Fishing in Alaska is a bucket list experience. At The Lodge at 58* North we operate a small camp on the Nushagak river, were we have two boats waiting and ready to fish at a moment’s notice. Fishing guides are stationed at camp, and guests fly to the Nushagak daily on a 25-minute flight. Our Dehavilland Beaver will fly you down the Naknek River and across Kvichak Bay, where Beluga whales are often seen feeding on sockeye salmon and smelt in the muddy waters of the bay.  Once at our out-camp, guests are met by guides who have boats ready to fish.

fishing in Alaska

fishing in alaska

Late June

King Salmon

Fishing in Alaska on the Nushagak River typically sees its largest numbers of king salmon returns during the last week of June. Fishing on the Nushagak for king salmon is done by downstream trolling spinners, casting spinning rods with bobber dogging gear, and at times, back-trolling with plugs or bait divers.

fishing in Alaska

Dolly Varden

The last week of June also offers excellent fishing for sea-run Dolly Varden on tributaries of Becharof Lake.  Most of the small streams we fish have Dolly Varden from 18-24” in clear water. Sight fishing with dry flies and streamers are the norm.

Featherly Creek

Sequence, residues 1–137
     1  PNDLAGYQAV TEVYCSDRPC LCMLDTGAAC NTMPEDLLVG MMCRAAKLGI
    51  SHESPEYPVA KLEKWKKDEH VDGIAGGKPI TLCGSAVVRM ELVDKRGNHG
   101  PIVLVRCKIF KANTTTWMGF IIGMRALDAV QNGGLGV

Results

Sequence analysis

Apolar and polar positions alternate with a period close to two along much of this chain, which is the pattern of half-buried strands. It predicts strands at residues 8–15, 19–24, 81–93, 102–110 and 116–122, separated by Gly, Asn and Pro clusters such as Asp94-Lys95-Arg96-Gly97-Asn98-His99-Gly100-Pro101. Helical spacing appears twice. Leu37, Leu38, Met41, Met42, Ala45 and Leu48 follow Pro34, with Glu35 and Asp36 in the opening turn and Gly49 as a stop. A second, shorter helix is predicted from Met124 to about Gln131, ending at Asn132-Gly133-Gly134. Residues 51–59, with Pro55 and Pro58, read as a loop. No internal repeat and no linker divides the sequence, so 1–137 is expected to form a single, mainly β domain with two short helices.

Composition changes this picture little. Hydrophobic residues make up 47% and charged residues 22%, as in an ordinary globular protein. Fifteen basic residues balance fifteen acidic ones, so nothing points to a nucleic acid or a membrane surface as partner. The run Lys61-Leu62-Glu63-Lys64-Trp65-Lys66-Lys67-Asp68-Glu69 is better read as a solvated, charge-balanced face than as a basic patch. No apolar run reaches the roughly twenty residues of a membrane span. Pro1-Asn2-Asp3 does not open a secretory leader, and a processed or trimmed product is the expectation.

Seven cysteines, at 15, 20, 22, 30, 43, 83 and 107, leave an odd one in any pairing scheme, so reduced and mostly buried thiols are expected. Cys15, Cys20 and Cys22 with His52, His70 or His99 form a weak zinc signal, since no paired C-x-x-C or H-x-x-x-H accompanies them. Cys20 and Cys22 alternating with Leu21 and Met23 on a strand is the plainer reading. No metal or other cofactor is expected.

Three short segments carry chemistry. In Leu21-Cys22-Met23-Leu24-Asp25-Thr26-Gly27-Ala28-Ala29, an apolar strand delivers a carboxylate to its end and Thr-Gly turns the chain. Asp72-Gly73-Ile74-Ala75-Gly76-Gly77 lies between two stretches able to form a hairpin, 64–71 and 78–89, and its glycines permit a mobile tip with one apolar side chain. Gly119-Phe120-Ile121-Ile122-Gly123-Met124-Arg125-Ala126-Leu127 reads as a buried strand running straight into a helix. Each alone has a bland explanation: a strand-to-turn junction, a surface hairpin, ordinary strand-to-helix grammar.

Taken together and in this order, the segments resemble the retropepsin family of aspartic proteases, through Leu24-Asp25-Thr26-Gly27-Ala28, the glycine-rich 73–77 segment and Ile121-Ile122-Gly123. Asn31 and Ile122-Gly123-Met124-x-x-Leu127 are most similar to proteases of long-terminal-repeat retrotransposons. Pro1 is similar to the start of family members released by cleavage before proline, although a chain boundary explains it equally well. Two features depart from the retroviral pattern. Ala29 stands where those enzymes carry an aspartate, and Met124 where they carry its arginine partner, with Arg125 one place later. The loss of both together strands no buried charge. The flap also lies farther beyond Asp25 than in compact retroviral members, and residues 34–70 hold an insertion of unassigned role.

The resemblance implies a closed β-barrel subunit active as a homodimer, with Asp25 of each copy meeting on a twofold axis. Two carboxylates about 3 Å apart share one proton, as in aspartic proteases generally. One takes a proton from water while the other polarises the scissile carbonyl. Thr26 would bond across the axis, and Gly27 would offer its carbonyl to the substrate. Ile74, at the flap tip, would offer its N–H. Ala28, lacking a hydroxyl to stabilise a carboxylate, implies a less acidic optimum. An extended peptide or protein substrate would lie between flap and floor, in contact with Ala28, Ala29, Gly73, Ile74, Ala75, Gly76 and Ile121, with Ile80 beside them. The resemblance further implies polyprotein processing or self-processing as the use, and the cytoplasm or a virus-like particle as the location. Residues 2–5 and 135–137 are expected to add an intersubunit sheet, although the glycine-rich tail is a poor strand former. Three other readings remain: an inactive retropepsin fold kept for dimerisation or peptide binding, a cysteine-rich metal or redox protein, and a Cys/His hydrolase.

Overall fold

The area is stunningly beautiful, as the horizon is marked with jagged mountains and active volcanoes. One of our favorite streams is Featherly Creek, which has its headwaters actually beginning on Mount Peulik. Featherly is a fly fisherman’s dream. Its sandy shorelines make for easy wading and clear water make sight fishing the ideal way to fish. In late June, the grayling on Featherly Creek are huge and hungry, with many fish landed in 2022 measuring over 20”. Featherly also has sea run Dolly Varden that can be caught on streamers, small dry flies and even mouse patterns. The hike into Featherly Creek is about 20-30 minutes, so anglers need to be in moderate physical shape to enjoy their day on the water. Not every stream on Becharof Lake requires a long walk, some are fishable just up from the creek mouth.

Mid July

Mid July is all about tundra hikes and creek mouths, streamers and dry flies plus Naknek based mixed-bag. Anglers interested in getting off the beaten path love mid July.  The fishing does require effort by anglers, with hike times ranging from twenty minutes to over an hour, one way. What anglers are greeted with in mid July on these small streams are hungry rainbow trout and Dolly Varden who willingly take streamers, dry flies and mouse patterns. These fish are in the 16” to 24” range, perfect for 6wt fly rods.

Fishing in Alaska

© Cassie Bergman

Back on the Naknek we will be in the middle of peak sockeye migrations, so if you are interested in catching some fish to bring home, we are only a short boat ride to the sockeye grounds.

If conditions and tides are favorable, we will also fish the Naknek for king salmon. Pike fishing on Naknek Lake can also be very fun during this time. We try and fish for pike on sunny days when sight fishing is at its best. Check out this pike from 2022.

We’re looking forward to hearing from you!